Frozen in Time
Feb 03, 2009
Decadal Occurrences Of Statewide Maximum Temperature Records

By Bruce Hall, Hall of Records

If an increased frequency of extreme temperature records are an indicator of a warming trend… as I have quoted that several times from those who advocate the theory of man-made global warming1 ... then take a look at the decadal frequency of those statewide monthly records in the animation below.

Graphs 1880s-2000s High Temperature Frequency2

See full size animation here

As explained in previous posts, each state can have only 12 statewide, monthly records for the 13 decades tracked here… hence, they are “all-time” records for a state for a month.

Range goes from 0 [white] to 8 [dark red]. Indiana had the highest frequency of records in one decade with 8 still standing from the 1930s. See the table below for the actual count by decade. Old records are replaced if tied or surpassed by subsequent readings.

See larger image here.

The 1930s experienced the highest number of maximum extreme temperatures for which records have not been tied or surpassed subsequently. While the late 1990s did have a very brief hot period associated with El Nino, the 1990s were a rather ordinary period for extreme temperatures in the contiguous 48 states.

I have excluded Alaska and Hawaii from this animation because they are distinct and separate climate zones. For the record, however, Alaska’s decade of most frequent high temperature records was the 1970s with 4. Hawaii’s decade of most records was the 1910s. Those data are included in the table below.

The 1990s were only particularly hot, as reflected in these records, in New England and Idaho. These selective areas were far more restricted than the geographically widespread heat of the 1930s.

This animation goes to the heart of my arguments regarding global warming as it is reflected in U.S. temperature data.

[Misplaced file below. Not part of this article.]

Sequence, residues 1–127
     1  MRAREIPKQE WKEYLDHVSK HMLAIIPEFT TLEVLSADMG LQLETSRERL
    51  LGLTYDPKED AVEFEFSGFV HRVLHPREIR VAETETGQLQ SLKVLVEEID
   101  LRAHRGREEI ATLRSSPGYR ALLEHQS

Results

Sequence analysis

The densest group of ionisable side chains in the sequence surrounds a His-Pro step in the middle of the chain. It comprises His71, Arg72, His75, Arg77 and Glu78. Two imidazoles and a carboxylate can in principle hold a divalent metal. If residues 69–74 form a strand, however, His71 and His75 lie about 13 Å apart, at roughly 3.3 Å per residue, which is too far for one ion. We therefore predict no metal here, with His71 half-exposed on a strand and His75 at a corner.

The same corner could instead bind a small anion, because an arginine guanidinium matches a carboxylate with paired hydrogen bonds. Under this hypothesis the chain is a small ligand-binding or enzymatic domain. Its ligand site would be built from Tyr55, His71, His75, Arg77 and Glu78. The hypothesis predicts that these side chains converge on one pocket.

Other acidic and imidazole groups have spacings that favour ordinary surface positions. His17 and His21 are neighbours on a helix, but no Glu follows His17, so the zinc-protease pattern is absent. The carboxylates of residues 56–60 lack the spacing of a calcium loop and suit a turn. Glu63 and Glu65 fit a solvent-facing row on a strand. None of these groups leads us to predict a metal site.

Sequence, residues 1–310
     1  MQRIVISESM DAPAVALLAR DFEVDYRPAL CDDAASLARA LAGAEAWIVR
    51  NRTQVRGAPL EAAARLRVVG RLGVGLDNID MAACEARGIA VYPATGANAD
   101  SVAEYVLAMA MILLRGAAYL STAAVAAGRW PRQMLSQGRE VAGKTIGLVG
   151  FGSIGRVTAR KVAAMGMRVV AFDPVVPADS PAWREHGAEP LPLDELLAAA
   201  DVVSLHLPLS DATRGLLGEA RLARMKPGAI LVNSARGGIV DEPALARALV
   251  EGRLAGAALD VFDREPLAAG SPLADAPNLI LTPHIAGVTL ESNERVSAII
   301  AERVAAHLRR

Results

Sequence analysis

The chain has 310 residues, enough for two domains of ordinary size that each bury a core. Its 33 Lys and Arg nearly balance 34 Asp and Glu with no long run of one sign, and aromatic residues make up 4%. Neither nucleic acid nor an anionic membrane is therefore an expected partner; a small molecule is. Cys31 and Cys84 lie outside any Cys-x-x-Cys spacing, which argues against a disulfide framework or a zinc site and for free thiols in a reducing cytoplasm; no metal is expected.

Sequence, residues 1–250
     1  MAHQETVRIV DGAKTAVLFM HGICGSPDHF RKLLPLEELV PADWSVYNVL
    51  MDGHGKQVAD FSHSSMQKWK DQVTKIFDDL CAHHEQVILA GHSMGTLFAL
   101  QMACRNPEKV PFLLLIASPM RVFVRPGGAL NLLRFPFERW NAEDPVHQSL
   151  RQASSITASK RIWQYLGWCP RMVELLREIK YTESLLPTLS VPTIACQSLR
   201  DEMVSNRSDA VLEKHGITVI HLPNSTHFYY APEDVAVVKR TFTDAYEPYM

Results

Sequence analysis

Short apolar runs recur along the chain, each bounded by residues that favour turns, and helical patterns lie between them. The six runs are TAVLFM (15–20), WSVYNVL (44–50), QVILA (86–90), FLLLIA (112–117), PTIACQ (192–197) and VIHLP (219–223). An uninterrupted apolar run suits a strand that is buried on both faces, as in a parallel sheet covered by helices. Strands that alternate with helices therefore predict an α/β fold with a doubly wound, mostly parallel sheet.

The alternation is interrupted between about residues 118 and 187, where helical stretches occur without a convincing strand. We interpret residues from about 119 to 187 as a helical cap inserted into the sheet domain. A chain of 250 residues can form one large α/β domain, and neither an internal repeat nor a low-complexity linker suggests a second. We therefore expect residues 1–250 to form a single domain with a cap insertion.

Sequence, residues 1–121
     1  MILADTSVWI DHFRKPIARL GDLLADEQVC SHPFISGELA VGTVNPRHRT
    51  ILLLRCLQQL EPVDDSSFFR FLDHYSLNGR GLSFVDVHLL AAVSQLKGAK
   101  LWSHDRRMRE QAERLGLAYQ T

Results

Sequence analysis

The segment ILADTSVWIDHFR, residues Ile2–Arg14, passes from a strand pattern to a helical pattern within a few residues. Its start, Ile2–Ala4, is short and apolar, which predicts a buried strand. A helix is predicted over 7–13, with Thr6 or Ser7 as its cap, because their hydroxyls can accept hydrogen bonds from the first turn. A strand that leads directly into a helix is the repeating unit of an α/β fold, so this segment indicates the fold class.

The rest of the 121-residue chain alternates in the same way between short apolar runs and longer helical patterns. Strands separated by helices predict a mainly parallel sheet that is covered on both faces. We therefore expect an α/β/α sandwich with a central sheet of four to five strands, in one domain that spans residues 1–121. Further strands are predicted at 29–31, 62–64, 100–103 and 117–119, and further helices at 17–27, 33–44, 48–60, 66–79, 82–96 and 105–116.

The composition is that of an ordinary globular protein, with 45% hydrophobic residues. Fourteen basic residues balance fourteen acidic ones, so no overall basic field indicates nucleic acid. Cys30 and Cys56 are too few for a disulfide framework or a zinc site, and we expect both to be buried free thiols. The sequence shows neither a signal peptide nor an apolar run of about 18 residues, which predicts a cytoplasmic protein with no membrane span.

The trendline used by those claiming a long term warming begins in a very cool climate period. Consequently, any trend from that point will be upward. The late 1990s were an aberration and not indicative of the general climate oscillations presented in these records. Frequency data is shown in the table below.

There is virtually no correlation between increased atmospheric CO2 and extreme high temperatures… at least for the continental United States which is where most of the man-made CO2 is supposed to have originated. I challenge those who claim global warming is real to:

Do a similar analysis for the 1880 - 2008 period for the rest of the world… insofar as any reliable data may exist.

Re-examine the notion that the 1880s is a reasonable starting point for establishing a meaningful trend because it appears to have been abnormally cool.
The data above are in direct conflict with those warming claims as it pertains to the U.S. over 13 decades.

Many others have questioned the failure of global warming computer models to fit past data, database “adjustments” to bias the temperature trend upward, and the impact of poorly sited weather stations as they relate to global warming claims, so it is not necessary to go over those issues here.

See larger image here.

1 [An example] “These new peaks do not in themselves prove global warming, say scientists - but global warming makes them much more likely. “As you get a warming trend in temperatures, which is what we are observing, the risk of exceeding extreme temperatures increases dramatically,” said Peter Stott of the Met Office’s Hadley Centre for Climate Prediction and Research.” [quoted in The Independent; 19 July 2006]


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